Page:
Review: Baram & Snieckus, You and me Both

BARAM & SNIECKUS: YOU AND ME BOTH written and performed by Matt Baram and Naomi Snieckus (NTOW at Theatre Passe.


BARAM & SNIECKUS: YOU AND ME BOTH written and performed by Matt Baram and Naomi Snieckus (NTOW at Theatre Passe Muraille Backspace, 16 Ryerson). Runs to November 1. $20. See Continuing. Rating: NNN

In the world of comedy, we cut improvisers a lot of slack. After all, they’re making this stuff up on the spot. The bar’s set a lot higher for sketch, which has been written, directed, rehearsed, set.

Matt Baram and Naomi Snieckus are excellent at both. The married Second City alums are two of the funniest people in the country. They’ve graduated to scripted TV shows, but they still improvise whenever they can, as they do in their frequent, hilarious hosting gigs.

Their new show, dubbed “a sketch comedy revue,” consists of a dozen or so sketches with a musical number and a bit of improv. Alas, the sketches aren’t the strongest, and the entire show could stand tighter direction than what Kurt Smeaton provides.

A lively, titular musical number comes after an opening sketch its placement is disorienting. So are some introductory remarks about how many of the sketches are based on their lives together. And musical director Scott Christian‘s music isn’t effectively integrated.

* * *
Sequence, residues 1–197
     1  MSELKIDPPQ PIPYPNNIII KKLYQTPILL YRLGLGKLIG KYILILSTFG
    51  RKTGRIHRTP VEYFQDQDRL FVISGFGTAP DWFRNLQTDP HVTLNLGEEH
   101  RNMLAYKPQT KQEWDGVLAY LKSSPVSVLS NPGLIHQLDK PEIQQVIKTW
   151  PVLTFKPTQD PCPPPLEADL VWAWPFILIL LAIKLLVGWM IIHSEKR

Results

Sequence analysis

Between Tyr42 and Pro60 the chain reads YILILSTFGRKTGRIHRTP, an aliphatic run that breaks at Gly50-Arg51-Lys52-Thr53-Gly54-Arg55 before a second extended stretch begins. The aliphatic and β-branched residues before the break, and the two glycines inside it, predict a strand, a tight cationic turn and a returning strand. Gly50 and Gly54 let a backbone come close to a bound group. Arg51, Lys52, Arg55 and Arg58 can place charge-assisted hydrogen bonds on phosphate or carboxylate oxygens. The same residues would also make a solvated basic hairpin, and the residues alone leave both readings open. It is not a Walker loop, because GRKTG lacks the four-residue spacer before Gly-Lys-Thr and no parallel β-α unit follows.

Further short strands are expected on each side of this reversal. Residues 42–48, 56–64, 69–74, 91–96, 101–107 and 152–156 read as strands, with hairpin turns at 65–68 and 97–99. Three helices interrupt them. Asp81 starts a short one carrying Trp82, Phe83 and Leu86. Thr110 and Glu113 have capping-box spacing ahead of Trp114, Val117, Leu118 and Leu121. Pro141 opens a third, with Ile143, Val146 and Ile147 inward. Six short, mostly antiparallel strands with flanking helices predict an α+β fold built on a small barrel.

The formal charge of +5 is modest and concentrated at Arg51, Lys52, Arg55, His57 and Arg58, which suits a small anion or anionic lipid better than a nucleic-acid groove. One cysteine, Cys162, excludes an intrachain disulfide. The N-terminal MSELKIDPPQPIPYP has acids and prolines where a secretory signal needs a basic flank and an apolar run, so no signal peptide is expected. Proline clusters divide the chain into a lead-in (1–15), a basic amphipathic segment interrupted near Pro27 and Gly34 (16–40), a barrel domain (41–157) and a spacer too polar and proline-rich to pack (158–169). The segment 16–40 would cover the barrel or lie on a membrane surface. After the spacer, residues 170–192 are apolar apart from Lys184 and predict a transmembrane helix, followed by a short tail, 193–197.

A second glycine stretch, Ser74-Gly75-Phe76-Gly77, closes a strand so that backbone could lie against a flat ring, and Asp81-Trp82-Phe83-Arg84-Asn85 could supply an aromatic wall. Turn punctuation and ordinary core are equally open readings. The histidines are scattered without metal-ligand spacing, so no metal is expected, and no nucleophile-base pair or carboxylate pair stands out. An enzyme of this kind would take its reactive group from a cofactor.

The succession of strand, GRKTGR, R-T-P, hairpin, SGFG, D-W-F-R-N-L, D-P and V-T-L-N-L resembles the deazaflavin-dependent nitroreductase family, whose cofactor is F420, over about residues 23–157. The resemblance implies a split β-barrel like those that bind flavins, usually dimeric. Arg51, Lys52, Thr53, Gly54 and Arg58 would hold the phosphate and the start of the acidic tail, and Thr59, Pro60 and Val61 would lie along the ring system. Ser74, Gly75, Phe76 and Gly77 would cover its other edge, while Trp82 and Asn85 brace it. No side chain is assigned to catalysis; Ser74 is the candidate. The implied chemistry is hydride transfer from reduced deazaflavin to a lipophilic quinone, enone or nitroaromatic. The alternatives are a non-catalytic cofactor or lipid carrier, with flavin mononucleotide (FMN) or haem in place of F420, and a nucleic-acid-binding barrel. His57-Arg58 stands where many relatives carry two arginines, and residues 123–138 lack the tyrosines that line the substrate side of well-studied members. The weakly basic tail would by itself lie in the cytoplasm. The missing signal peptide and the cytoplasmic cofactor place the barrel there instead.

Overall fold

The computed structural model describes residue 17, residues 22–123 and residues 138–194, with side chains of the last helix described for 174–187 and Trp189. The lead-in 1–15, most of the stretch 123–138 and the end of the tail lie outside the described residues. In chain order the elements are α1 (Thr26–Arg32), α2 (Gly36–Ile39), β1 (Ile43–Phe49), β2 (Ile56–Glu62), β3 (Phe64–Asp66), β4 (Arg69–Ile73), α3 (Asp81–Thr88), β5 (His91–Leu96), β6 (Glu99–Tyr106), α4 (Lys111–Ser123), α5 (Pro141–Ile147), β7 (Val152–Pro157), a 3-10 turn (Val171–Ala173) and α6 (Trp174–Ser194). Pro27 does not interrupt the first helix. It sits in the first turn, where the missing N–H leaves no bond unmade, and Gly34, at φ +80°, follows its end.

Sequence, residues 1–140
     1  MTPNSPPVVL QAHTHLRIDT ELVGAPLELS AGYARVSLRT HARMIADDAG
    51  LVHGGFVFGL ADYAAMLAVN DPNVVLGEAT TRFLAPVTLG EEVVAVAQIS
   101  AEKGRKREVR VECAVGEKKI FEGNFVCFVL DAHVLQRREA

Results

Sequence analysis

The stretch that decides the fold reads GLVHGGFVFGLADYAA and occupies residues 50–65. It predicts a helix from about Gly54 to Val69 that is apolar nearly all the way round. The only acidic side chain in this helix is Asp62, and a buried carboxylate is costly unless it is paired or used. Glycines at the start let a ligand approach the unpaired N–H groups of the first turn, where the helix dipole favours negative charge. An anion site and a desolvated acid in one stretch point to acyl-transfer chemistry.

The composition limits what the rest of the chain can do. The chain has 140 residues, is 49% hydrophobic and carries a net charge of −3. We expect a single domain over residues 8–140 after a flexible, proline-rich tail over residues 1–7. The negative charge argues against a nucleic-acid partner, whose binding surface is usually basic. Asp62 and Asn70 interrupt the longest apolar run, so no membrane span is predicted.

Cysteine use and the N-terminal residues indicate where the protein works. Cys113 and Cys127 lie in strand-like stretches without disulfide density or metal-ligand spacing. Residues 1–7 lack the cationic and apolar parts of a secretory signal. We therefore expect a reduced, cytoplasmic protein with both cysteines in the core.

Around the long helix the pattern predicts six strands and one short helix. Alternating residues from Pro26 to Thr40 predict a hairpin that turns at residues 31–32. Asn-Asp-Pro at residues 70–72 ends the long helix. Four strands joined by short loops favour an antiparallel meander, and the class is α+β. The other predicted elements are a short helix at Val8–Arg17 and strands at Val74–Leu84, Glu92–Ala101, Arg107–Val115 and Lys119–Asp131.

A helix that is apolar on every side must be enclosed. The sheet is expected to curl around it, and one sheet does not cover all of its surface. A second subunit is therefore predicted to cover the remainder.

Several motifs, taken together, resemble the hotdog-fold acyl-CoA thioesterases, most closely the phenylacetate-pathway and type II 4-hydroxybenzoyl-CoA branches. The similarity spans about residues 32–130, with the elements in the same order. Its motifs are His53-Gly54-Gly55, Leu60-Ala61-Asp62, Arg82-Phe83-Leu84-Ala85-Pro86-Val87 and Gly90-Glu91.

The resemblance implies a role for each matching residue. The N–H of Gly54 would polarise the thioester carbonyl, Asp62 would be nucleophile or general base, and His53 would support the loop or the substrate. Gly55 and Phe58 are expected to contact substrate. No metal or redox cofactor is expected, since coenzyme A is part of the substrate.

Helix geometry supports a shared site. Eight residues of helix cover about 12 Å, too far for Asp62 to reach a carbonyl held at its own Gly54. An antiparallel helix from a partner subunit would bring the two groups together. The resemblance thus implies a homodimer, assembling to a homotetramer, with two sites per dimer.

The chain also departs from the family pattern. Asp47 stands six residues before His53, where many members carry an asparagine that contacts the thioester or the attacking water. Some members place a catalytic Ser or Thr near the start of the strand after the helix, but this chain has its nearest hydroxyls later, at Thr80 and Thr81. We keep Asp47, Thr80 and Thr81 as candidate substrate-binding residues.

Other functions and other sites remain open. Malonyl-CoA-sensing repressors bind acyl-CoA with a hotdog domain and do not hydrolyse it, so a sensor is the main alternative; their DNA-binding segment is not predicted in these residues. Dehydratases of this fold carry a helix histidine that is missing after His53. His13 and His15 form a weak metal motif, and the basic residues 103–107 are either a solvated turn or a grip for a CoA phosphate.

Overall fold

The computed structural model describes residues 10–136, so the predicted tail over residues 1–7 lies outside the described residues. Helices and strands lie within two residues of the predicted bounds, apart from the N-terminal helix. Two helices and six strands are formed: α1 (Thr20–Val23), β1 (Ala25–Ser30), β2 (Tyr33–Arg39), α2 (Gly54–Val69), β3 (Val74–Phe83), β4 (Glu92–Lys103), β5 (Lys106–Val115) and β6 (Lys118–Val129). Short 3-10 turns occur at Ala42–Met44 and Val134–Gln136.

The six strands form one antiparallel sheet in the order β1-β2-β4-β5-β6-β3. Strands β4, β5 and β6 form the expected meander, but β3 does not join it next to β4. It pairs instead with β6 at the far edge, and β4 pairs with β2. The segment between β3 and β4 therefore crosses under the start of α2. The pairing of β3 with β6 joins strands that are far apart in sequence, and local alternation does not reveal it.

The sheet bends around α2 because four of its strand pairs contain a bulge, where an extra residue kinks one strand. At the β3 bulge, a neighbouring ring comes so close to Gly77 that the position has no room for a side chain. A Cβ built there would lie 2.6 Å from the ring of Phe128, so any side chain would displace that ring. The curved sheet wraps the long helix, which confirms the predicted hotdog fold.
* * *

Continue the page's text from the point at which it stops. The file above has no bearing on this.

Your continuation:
The first-rate sketches include one about a couple on a first date who fight over the bill. There’s real tension here, and intriguing characters. Another solid sketch has a married couple meeting as “strangers” at a bar to spice up their relationship. It goes on a little long but showcases the pair’s vivid imaginations as they commit to their outlandish personae.

The best sketch finds them playing low-energy TV morning talk show hosts discussing the hot events in their small town. It owes something to SCTV, but they pull it off with deadpan panache.

Other scenes aren’t as successful. One involving a doctor and patient and a chair feels endless. (You need the timing and grace of a Nichols and May to get away with something like this.) And sketches riffing on Chekhov and Tennessee Williams feel like they may have emerged from their company National Theatre of the World’s improvised plays based on famous playwrights.

They’re on more solid ground in an improvised scene, which on the night I attended involved a taxi driver and a rider. It’s a shame they didn’t get the audience suggestion line right, or keep in mind the fact that the improvised scene was supposed to be 20 years old.

But the couple have such great chemistry and are so likeable, they make it work. You won’t leave the theatre doubled over with laughter. But you will be smiling.

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